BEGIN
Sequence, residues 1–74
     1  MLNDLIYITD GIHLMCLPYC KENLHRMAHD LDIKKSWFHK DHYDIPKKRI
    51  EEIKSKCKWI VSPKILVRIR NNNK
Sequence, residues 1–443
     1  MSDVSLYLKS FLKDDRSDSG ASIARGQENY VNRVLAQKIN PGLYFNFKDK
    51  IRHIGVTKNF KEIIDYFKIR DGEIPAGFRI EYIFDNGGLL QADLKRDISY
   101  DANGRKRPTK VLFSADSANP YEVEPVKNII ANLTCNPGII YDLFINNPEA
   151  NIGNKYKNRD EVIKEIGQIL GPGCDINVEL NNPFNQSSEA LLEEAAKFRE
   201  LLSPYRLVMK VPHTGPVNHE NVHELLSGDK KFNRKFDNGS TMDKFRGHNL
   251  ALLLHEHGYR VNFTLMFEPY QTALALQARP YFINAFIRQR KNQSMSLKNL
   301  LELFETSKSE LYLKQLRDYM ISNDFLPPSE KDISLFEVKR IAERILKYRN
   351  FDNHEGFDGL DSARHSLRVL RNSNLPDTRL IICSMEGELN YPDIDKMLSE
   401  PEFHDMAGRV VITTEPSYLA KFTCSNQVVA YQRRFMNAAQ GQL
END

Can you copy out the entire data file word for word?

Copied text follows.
Sequence, residues 1–74
     1  MLNDLIYITD GIHLMCLPYC KENLHRMAHD LDIKKSWFHK DHYDIPKKRI
    51  EEIKSKCKWI VSPKILVRIR NNNK
Sequence, residues 1–443
     1  MSDVSLYLKS FLKDDRSDSG ASIARGQENY VNRVLAQKIN PGLYFNFKDK
    51  IRHIGVTKNF KEIIDYFKIR DGEIPAGFRI EYIFDNGGLL QADLKRDISY
   101  DANGRKRPTK VLFSADSANP YEVEPVKNII ANLTCNPGII YDLFINNPEA
   151  NIGNKYKNRD EVIKEIGQIL GPGCDINVEL NNPFNQSSEA LLEEAAKFRE
   201  LLSPYRLVMK VPHTGPVNHE NVHELLSGDK KFNRKFDNGS TMDKFRGHNL
   251  ALLLHEHGYR VNFTLMFEPY QTALALQARP YFINAFIRQR KNQSMSLKNL
   301  LELFETSKSE LYLKQLRDYM ISNDFLPPSE KDISLFEVKR IAERILKYRN
   351  FDNHEGFDGL DSARHSLRVL RNSNLPDTRL IICSMEGELN YPDIDKMLSE
   401  PEFHDMAGRV VITTEPSYLA KFTCSNQVVA YQRRFMNAAQ GQL